Do you feel you truly have the skills and qualifications required to fulfil the role of the job you so enthusiastically applied for two weeks ago? Do you know you would fit perfectly into this position but did not receive an opportunity to prove your ability? You are one of many unsuccessful applicants left pondering how they could get their foot in the door to bag an interview. The answer to that is your CV.
Employers see hundreds of CV's so you must ensure your CV jumps out of the tired old pile of ‘Please accept my resume for consideration of the (insert here) position within your organisation' - instead portraying all of the wonderful personality and expertise you would contribute to their business.
Grab their attention from the Get-Go
Your cover letter should demonstrate "fit" to their company and the role you are applying for. Simply inserting a sterile list of keywords relevant to the role in an unstructured manor will not entice them. Use your keywords with captivating language and description of how your skills will directly benefit the employer to subtly persuade them your CV is worth reading in full, catapulting you up their list of priorities. The following article offers some examples of things to include in your cover let that can easily be tailored to suit your career field.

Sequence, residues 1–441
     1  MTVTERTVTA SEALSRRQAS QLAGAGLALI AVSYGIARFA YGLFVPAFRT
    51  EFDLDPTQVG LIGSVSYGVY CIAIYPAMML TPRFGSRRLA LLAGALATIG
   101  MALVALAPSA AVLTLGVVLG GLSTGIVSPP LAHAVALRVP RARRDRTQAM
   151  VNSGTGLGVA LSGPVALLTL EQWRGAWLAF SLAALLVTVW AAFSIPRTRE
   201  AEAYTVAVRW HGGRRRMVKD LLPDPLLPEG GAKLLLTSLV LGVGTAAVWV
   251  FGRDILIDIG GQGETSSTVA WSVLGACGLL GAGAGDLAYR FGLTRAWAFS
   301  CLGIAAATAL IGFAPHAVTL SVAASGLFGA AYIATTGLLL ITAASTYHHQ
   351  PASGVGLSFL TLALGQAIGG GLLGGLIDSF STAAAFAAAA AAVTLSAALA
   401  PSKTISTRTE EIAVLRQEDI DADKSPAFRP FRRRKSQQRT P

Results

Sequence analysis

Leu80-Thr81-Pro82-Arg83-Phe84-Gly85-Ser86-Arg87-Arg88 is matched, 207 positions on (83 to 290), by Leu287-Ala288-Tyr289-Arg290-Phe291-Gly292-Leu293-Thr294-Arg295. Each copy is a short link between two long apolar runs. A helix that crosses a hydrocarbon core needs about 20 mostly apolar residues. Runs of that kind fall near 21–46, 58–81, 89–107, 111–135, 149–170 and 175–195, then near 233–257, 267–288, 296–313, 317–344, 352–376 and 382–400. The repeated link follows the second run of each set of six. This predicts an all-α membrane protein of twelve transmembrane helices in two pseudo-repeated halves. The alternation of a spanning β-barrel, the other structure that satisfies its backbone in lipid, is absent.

Brilliant basics go a long way
Your CV layout must be clear, concise and well spaced to avoid appearing careless or haphazard. Start with all the basics including correct spelling and grammar throughout. Avoid having gaps in your work experience; where necessary draw positives from any periods of unemployment and make reference to them. Double check all personal information to ensure it is correct - avoid missing out on a life changing job opportunity because you wrote ‘.co.uk' instead of ‘.com'
Here is an outline of the sections you need to include in your CV along with a few more presentation tips:
The job description holds your key to success
The ability to understand a Job Description's requirements (even those not referenced to) and subsequently tailor your CV to it will see you jump up the ‘employability chart' as your CV will be buzzing with keywords the employer has indented in their mind as they sieve through endless CV's. Knowing how to prioritise your strengths, hobbies and focus of skills gained/used in previous employment will allow you to personalise your CV for every job you apply for and avoid the employer ever thinking ‘...and that is relevant how?' The advice given in the link below on how to tailor your CV should give you a start...